The Tri-City Herald reported July 4 that the Benton County Clerk’s Office had requested a warrant for the arrest of Jaclyn Rae Slater for failure to schedule a hearing to explain why she had fallen behind on payments to the Benton County Superior Court for legal financial obligations, or LFOs.
The state Court of Appeals ruled that the arrest warrant issued was invalid. A judge must determine the defendant’s willfulness to violate their payment obligations before an arrest warrant can be issued.
The ambiguity in the laws governing imposition, monitoring and enforcement of LFOs, and in the legal concepts of “hardship,” “indigent,” and “willful” gives court officials wide discretion in decisions about the citizens with whom they interact. A paternalistic, pay-or-appear policy ensures that defendants will experience strict scrutiny and surveillance from court officials, repeated bench warrants, arrest for nonpayment and ongoing admonishment for noncompliance with court orders, whatever their financial circumstances.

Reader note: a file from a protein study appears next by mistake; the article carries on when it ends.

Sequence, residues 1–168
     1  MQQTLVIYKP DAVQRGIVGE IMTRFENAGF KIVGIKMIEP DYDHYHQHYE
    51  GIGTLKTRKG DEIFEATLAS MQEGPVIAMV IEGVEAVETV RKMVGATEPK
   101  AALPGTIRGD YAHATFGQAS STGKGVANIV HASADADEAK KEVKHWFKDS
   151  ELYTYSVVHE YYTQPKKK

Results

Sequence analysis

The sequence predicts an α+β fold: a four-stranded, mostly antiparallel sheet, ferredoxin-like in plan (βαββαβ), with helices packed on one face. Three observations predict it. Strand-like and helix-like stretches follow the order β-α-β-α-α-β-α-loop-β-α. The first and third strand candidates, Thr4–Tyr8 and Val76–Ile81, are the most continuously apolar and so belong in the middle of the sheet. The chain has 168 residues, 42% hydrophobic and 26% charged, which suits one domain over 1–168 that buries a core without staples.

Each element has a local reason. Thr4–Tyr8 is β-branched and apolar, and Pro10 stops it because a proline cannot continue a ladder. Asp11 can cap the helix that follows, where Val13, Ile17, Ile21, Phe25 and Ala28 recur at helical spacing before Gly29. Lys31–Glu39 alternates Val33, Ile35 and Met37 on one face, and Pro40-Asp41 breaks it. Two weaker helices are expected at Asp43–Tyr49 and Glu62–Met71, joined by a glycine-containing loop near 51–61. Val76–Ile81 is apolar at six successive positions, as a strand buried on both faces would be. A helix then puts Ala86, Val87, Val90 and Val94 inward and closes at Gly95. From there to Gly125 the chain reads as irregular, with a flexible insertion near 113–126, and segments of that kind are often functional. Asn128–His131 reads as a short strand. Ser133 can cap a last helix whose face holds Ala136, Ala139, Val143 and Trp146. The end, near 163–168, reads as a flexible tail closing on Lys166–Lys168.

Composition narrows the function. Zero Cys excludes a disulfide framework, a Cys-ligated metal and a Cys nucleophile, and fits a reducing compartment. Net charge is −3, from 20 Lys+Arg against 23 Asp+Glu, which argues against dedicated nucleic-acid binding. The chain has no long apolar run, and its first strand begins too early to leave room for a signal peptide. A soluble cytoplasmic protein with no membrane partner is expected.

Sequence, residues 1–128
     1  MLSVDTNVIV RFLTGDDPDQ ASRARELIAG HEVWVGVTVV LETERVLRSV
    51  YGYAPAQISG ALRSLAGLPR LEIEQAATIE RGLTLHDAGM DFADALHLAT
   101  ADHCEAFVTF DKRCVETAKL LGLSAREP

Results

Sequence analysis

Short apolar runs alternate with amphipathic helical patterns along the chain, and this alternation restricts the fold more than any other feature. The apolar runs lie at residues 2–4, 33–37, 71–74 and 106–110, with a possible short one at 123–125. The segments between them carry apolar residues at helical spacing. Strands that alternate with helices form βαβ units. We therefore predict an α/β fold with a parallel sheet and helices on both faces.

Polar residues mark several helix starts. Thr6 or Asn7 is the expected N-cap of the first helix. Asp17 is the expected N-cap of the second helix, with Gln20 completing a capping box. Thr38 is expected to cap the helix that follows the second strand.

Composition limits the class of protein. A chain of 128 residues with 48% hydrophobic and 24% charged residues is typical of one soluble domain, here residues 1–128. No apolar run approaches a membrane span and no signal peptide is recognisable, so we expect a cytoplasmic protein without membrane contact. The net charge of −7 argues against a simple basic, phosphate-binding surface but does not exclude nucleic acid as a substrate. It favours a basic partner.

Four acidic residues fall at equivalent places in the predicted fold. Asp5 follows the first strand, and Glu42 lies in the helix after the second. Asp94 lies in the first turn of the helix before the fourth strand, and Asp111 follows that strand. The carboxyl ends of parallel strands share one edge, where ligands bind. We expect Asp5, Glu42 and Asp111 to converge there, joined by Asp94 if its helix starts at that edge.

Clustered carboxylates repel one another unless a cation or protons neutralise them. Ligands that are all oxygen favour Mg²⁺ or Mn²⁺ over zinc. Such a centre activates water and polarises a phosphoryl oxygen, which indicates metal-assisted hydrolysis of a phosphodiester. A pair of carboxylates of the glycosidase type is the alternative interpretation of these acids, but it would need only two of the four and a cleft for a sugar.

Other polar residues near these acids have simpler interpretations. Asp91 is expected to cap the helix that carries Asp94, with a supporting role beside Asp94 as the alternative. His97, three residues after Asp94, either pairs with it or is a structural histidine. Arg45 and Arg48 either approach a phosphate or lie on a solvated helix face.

Benton County’s monetary sanctions remain a system of legal and moral judgments that disproportionately affect the poor. Attorney General Loretta Lynch in a March 16, 2016, Justice News release said, “The consequences of the criminalization of poverty are not only harmful — they are far-reaching.”
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Mickey Beary, Richland